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I don't know if I'm supposed to write an intro before the question since I'm new here lol I'd like to know if it's correct to use just followed by the simple past, e.g.:

I just watched the first episode. (Simple Past)

I'm a little bit confused because I see people using both forms: this and

I've just watched the first episode. (Present Perfect)

Thanks in advance!

  • Welcome to ELL, Marina! Did you mean to compare "I've just watched" to "I just watched" (Present Perfect and Present Simple)? – CowperKettle Jan 4 '15 at 7:04
  • Thanks! Simple past requires a specific time, right? In that case, I could still use the simple past? I normally see "I've just watched" but "I just watched" appears a lot too. :) – Marina De Brito Alves Jan 4 '15 at 7:17
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    A related question at ELU: "I just ate them v. I've just eaten them" – CowperKettle Jan 4 '15 at 9:03
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It is not strictly necessary to use a specific time reference with the Past Simple.

It is the other way around: when you use the Present Perfect, you better not use a specific past time reference:

I have watched this movie yesterday. (invalid sentence: the time period mentioned - "yesterday" - has already ended)

Concerning your question,

I just watched the first episode.

Is an appropriatetly formed sentence in the American English. British English speakers prefer to use the Present Perfect:

I've just watched the first episode.


Reference

  1. Comparison of American and British English - Wikipedia
  2. An answer to a related question at ELU.
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In normal good English, JUST used with the simple past means ONLY to the exclusion of anything else. The word used with the past present ("have verb-ed") means the action was very recent. The form Verb-ed used with a specific marker of time (as in the example above: I've just watched the first episode yesterday) is wrong and should be: I watched the first episode yesterday.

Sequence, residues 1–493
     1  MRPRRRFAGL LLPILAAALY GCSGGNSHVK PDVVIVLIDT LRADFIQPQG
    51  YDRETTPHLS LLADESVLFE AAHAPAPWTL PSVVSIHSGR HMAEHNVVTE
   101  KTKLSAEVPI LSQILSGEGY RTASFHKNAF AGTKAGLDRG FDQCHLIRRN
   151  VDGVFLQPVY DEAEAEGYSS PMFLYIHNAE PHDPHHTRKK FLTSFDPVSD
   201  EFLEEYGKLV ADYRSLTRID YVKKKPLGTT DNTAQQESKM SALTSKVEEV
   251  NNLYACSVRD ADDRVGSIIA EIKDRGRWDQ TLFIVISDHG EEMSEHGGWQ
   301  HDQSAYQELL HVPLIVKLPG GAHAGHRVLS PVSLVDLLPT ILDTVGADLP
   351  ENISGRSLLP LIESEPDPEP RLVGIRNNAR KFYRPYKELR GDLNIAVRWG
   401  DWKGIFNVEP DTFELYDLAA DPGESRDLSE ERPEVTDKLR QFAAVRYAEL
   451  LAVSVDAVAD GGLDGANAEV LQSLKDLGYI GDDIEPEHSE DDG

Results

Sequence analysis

Compare:

I have watched the first episode.

I have never watched the first episode.

I watched the first episode yesterday.

Yesterday I watched JUST the first episode (and no other).

I JUSY watch the first episode yesterday(and did nothing else).

I watched the first episode recently/yesterday.

I watched the first episode JUST / ONLY (as recently as) yesterday.

I have watched only the first episode.

I have watched JUST the first episode (and no other)

I have watched just the first episode.

For many people JUST and ONLY are troublesome. These words limit the scope of what immediately follows.

I JUST watered the flowers (that's all I did).

I watered ONLY / JUST the flowers (and watered nothing else).

I have JUST watered the flowers (very recent).

ONLY I watered / have watered the flowers (and nobody else).

Etc., etc.

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Since it's in a Present Perfect form; it's just normal to put 'have' right after the subject. we also include adverbial phrase (already,yesterday) at the end of the sentence for Present perfect. I think it's better to say "I've just watched the first episode yesterday".

  • Welcome to ELL! Could you please be more elaborate on why an adverbial phrase would be better? Maybe also support your claims with a source? – M.A.R. Sep 2 '15 at 12:34

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